But I digress. In the story Alexios is of age and a fascinating character at that. When we first meet him, he has a touch of arrogance, but as we learn his circumstances, he quickly becomes a likable character (although the arrogance remains) who cares for those he loves. He is also a very focused character. For instance, he doesn’t notice Galen until he has a specific need, but when he does; he quickly starts to care for him, even if Galen is a slave.

That doesn’t mean there is a case of instant love between the two, though Galen has been in love with Alexios longer than Alexios was aware of it. It also doesn’t change their status. In the beginning Alexios treats Galen as very much the slave. It isn’t until later in the story that Alexios learns what it means to be a slave and the position Galen is in.

Galen is a very sweet character. He’s one of those men you just want to put under your wing and care for. He is also very strong and does the best under the circumstances. He’s cared for Alexios for a long time, even if his love was unrequited.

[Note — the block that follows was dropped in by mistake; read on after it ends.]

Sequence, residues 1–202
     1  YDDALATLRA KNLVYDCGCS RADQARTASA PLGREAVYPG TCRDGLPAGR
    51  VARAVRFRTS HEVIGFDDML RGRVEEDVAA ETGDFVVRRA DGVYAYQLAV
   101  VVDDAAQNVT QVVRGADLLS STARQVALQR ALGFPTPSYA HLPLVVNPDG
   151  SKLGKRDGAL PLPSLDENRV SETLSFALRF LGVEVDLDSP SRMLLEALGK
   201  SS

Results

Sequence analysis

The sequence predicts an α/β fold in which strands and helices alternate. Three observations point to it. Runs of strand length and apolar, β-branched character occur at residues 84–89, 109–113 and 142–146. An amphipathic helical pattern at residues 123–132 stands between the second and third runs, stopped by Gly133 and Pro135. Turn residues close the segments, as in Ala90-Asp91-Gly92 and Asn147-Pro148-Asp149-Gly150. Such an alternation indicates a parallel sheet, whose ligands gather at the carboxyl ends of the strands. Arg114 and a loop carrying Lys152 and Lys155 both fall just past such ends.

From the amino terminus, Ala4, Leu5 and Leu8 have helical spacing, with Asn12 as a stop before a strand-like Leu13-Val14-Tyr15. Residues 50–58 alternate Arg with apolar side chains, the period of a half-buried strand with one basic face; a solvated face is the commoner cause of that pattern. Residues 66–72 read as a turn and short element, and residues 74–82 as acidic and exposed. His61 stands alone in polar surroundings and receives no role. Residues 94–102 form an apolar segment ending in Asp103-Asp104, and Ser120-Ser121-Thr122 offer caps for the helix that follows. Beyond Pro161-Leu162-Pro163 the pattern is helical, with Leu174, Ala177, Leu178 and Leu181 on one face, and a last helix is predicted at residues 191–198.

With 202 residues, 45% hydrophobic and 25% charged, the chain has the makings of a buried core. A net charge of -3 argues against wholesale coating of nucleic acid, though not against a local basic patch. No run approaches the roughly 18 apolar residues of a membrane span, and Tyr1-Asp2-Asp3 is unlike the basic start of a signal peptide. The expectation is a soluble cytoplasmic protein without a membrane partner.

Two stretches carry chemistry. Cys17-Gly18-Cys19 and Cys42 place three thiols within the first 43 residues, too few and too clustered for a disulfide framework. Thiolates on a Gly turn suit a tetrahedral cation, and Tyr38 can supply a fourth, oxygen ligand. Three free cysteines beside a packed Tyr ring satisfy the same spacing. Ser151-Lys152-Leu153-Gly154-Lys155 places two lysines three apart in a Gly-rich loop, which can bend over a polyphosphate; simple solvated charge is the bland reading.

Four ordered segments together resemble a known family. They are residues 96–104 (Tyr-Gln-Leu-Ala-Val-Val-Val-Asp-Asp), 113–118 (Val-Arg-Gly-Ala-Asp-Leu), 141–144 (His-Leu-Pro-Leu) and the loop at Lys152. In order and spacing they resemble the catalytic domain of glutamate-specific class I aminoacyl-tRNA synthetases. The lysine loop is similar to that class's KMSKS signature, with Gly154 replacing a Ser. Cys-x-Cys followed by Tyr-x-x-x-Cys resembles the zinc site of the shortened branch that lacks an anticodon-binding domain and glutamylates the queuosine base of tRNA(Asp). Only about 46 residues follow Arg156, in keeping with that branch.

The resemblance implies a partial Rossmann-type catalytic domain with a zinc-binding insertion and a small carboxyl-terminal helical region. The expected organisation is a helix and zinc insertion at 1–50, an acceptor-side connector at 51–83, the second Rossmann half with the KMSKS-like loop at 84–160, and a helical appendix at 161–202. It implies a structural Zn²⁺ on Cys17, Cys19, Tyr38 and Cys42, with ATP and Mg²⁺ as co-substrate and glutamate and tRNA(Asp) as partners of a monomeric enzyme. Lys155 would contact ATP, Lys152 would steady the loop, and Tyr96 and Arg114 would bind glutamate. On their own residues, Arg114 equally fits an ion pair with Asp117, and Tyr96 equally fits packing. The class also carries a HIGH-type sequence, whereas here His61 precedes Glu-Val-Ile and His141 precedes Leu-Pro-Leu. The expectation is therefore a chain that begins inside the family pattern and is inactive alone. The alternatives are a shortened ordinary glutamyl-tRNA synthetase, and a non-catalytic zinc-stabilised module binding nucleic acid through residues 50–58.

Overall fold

Unfortunately for Galen, he is a very beautiful man and that puts him on the map for others in a world where slaves are nothing and just about used for anything. Galen’s mistreatment is hard to read and many a reader will be happy once Alexios protects Galen.

The story itself is very much set around the betrothal of Alexios and his participation in the games and the arrival of his possible mentors. For a while it had me wondering where this was going. Especially when the god Apollo is mixed in and a secondary character who is a seer and speaks for Apollo comes to the fore. It all comes together quite nicely in the end with a twist for Alexios.

Alexios’ Fate is not a sweet romance story between two characters. While the relationship between Alexios and Galen is primary and later on very sweet and romantic, there are multiple pairings and there is the hint of a future sexual relationship with a mentor. Personally, I liked this very much as it illustrates the Greek world quite nicely.